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network reconnect after reinstalling operating system

by pastormc / March 18, 2005 12:18 AM PST

We had a network established at out church, but the person that assisted us is no longer available. The system in my office had to be reformatted due to extremely slowed performance. The system now runs faster, it senses the network card, but I cannot get it to view the rest of the network. I know that it is a settings problem, however I do not know how to proceed. HELP!!!!

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Most common issue?
by R. Proffitt Forum moderator / March 18, 2005 12:31 AM PST

The person who installed the OS used just the Microsoft Windows CD and has not found and install drivers for the machine's motherboard, network card and what else is in there.

Microsoft does not do this for us.

After this, I can't do much since I don't know the particulars of your network.

Bob

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Re: network settings.
by Kees Bakker / March 18, 2005 7:00 AM PST

Things to do at least:
Install TCP/IP (or possibly Netbios) and Client for Microsoft Networks (in Config Panel>Network) and be sure the workgroup name is identical to that of the other computers.
Of course, as Bob remarked, all drivers for the network (card) should be installed also.

Hope this helps.


Kees

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No OS mentions
by Merl Priester / March 18, 2005 3:24 PM PST
In reply to: Re: network settings.

XP only uses TCP?IP by default.
Previous OS didn't need IP addresses set but if you
do not have a DHCP server running, look for the IP address of an existing machine.

On XP, Start - Run - CMD (press enter)
type IPCONFIG and press enter.

A typical IP address is 192.168.0.XXX where XXX is from 1 to 254
The Subnet usually is 255.255.255.0

On the newly restored machine, set the IP address to
be 192.168.0.XXX where XXX is different than all the other computers on the network.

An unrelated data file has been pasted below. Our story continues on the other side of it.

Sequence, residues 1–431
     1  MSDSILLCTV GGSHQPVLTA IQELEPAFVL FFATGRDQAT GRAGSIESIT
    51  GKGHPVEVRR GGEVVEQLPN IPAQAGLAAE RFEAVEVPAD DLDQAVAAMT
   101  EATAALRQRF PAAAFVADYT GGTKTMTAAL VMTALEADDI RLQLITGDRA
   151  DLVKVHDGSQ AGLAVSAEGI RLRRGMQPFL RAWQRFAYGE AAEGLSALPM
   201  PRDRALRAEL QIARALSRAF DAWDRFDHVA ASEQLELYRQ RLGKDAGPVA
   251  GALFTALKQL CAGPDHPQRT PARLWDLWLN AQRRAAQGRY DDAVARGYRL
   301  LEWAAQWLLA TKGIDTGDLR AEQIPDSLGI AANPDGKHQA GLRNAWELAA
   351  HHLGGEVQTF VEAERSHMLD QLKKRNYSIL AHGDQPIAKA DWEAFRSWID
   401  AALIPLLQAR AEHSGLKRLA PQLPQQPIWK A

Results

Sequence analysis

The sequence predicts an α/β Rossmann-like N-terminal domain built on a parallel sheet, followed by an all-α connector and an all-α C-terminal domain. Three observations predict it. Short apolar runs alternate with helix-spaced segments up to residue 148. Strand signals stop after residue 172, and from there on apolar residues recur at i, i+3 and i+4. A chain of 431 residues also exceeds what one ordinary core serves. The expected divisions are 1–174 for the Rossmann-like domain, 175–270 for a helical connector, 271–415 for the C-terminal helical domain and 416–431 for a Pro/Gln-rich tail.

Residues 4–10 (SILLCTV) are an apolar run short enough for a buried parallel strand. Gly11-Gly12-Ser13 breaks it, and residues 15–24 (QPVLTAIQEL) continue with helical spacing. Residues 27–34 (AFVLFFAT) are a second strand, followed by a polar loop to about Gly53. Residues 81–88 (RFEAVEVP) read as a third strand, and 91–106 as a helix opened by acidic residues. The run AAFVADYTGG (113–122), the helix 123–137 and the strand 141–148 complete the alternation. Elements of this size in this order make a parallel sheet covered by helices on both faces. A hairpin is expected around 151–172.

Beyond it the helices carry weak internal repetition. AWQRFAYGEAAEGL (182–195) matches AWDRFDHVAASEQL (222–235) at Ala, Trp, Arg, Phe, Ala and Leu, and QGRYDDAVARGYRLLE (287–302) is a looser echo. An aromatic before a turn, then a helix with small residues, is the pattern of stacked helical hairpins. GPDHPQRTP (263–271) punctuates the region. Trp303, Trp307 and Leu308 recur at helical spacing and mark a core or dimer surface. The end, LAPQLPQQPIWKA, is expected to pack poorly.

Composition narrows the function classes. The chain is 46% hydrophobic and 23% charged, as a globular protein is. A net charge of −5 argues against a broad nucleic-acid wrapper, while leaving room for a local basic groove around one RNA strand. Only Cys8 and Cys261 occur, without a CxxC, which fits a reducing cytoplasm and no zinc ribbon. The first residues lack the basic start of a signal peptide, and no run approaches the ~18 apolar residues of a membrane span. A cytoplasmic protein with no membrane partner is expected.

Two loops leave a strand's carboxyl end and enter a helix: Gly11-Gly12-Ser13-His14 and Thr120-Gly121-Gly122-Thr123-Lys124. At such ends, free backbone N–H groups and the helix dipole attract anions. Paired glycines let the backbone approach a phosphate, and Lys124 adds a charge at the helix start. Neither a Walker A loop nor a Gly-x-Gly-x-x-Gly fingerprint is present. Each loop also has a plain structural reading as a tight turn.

They each get 192.168.0. but the XXX is different on each.

On a Win9X box check IP by Start - Run - type in winipcfg and press ENTER.

In the drop down list box , select the NIC and it will show the IP address.

You will need to share folders etc again on the newly installed OS.

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Network Connections
by jkp / March 19, 2005 6:07 AM PST

Maybe the simplest solution is to convert your network to NetBEUI. Not only is it easy but it offers added security in that files shared only over NetBEUI can't be accessed from the internet. (Almost) full instructions are here: http://www.practicallynetworked.com/sharing/netbeui.htm

The parts missing are the setup for your computer with respect to name, workgroup and sharing:

Right-click Network Neighborhood and select Properties. On the first page, ensure you have Client for Microsoft Networks installed. If not, click Add -> Client -> Add -> Microsoft -> Client for Microsoft Networks -> OK

Back on the main page double-click Client for Microsoft Networks and on the properties page, ensure Logon validation is NOT checked and Quick logon is selected. Click OK.

On the main page again, ensure "File and printer sharing for Microsoft Networks" is present in the main window, if not, click the button labelled "File and Print Sharing..." to add it.

Now click the Identification tab at the top and ensure your computer has an unique name. Check another computer on your network to verify the Workgroup name (in Windows 98 it defaults to WORKGROUP, in Windows XP to MSHOME).

Follow the instructions from the link above with respect to bindings and then remove any protocols you never use. For example, if you never use dialup, remove Dialup Networking. As another example, my internet connection is via a wireless net card but local is via a normal card so I removed TCP/IP from the network card and removed NetBEUI from the wireless card.

Restart your computer and open My Computer. Right-click the drives or folders you wish to share, select Sharing and follow the prompts. Then enter the Printers folder and do the same thing for any applicable printer(s).

Try browsing your network. If nothing shows up, try using "Find Computer..." both from your own machine and from others on the network. If that works, you may have to reboot one more time, if it doesn't, go back and check your work. To verify your network card, check its properties in System Device Manager and try Start -> Winipcfg.

I've encountered one instance where the above did not work on a mixed 98/XP net. The solution was to replace all references to NetBEUI with IPX/SPX.

Note that if any networked computers are on XP, adding NetBEUI is a bit of a pain. The easiest way is to use the NetBEUI from Windows 2K available at http://members.cruzio.com/~tmieske/tkb.htm#w2knetbeui

John

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